5 Common Fiberglass Concerns, Addressed | AQUA Magazine

5 Common Fiberglass Concerns, Addressed

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Depending who you ask, fiberglass pools account for anywhere between 12 and 15 percent of the U.S. market for residential pool installations. And according to the manufacturers contacted for the following discussion, that number is growing annually.

Beyond raw sales numbers, increasing numbers of builders are offering fiberglass pools in addition to gunite and/or vinyl pools, according to Tom Straub, president of Latham's U.S. division.

"Many builders are recognizing it makes sense to offer fiberglass in addition to gunite pools. We're seeing that both with experienced builders as well as those newer to the business," he says. "It makes sense because of the economies of scale, but more than anything, there are consumers who are doing their homework and have decided that fiberglass is their best choice, for any number of reasons."

Courtesy of APSP Fiberglass Council and Rizzo Construction Pool Company - (Click to enlarge)Courtesy of APSP Fiberglass Council and Rizzo Construction Pool Company - (Click to enlarge)

However, despite the continued evolution of the fiberglass pools and their widening acceptance among builders and consumers alike, lingering questions remain in the industry consciousness about the nature of the technology, often as throwbacks to an earlier era of pool building.

In this article we take a look at some the outdated notions about pre-manufactured, fiberglass composite shells and how the state-of-the-art has advanced to meet those concerns.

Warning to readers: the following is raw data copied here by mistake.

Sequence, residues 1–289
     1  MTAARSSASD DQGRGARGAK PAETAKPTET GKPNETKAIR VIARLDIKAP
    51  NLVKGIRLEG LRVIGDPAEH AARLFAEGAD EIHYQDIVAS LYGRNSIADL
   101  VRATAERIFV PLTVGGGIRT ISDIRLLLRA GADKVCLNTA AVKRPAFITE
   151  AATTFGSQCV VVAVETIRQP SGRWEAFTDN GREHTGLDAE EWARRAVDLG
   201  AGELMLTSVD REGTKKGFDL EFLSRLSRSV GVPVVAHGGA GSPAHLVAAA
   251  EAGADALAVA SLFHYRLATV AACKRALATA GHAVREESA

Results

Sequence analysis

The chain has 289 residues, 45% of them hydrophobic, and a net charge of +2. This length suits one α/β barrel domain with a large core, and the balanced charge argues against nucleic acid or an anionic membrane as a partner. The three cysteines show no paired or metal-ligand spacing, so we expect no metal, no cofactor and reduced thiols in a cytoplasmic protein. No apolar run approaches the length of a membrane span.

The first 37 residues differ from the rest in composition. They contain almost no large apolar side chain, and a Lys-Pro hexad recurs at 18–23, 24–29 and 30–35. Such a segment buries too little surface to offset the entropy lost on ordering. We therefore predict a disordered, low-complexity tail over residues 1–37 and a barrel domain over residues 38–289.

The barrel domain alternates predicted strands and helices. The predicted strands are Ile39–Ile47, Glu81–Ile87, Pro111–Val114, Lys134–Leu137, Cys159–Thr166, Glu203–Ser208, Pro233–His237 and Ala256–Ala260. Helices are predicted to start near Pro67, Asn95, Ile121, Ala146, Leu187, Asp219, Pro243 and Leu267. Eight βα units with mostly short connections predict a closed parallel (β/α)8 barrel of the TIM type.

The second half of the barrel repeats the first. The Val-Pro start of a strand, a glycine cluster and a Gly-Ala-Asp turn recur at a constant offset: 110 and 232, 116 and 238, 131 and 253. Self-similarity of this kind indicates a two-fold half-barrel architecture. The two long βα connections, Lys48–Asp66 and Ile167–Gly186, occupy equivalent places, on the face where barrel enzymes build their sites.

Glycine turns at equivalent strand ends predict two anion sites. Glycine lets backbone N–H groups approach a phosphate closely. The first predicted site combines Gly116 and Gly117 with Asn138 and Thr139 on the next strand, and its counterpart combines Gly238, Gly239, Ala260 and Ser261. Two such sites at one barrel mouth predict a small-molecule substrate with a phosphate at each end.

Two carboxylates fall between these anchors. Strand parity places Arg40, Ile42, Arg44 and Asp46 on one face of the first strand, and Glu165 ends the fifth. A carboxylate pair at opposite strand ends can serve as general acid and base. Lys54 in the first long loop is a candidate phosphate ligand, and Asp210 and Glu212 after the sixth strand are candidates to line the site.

Concern No. 1: Fiberglass Pools Float Easily

Because fiberglass shells are lightweight, and possibly because of the errant association with boats made of fiberglass, the perception that they are susceptible to floating in the presence of hydrostatic pressure from ground water has remained in the minds of some consumers.

Manufacturers allow that hydrostatic pressure is a concern but point out that all pools are susceptible to damage from groundwater if not installed properly. Prevention of popped or floating fiberglass pools is easily managed with a few simple measures during the installation process.

"It all comes down to site preparation," says Straub. "We train our builders that under the deepest end of the pool they should put in some type of water evacuation system, or sump line, as we call it. We believe that's the most inexpensive insurance you can put on a pool. "

The newly formed APSP Fiberglass Council is weighing in on the issue by developing a standardized detail using a sump or drainage "crock" — a piece of 12-inch pipe that's installed vertically on the side of the pool that extends down two feet below the deepest point of the pool.

When installing the crock, says Curt Prystupa, president of Sun Fiberglass Products and chairman of the Fiberglass Council, "backfill around the pipe with gravel, then run it up to the surface of the deck and put an extra skimmer lid on the deck. Now if you need to drain the pool for some reason, you can remove the skimmer lid and visually check if there's water on the outside of the pool."

He explains that if the pool needs to be partially or fully drained for some reason and water is present, the crock enables the servicer to easily use a sump pump to evacuate the water and avoid any risk of damage. "That's something we want to see on every installation," agrees Straub.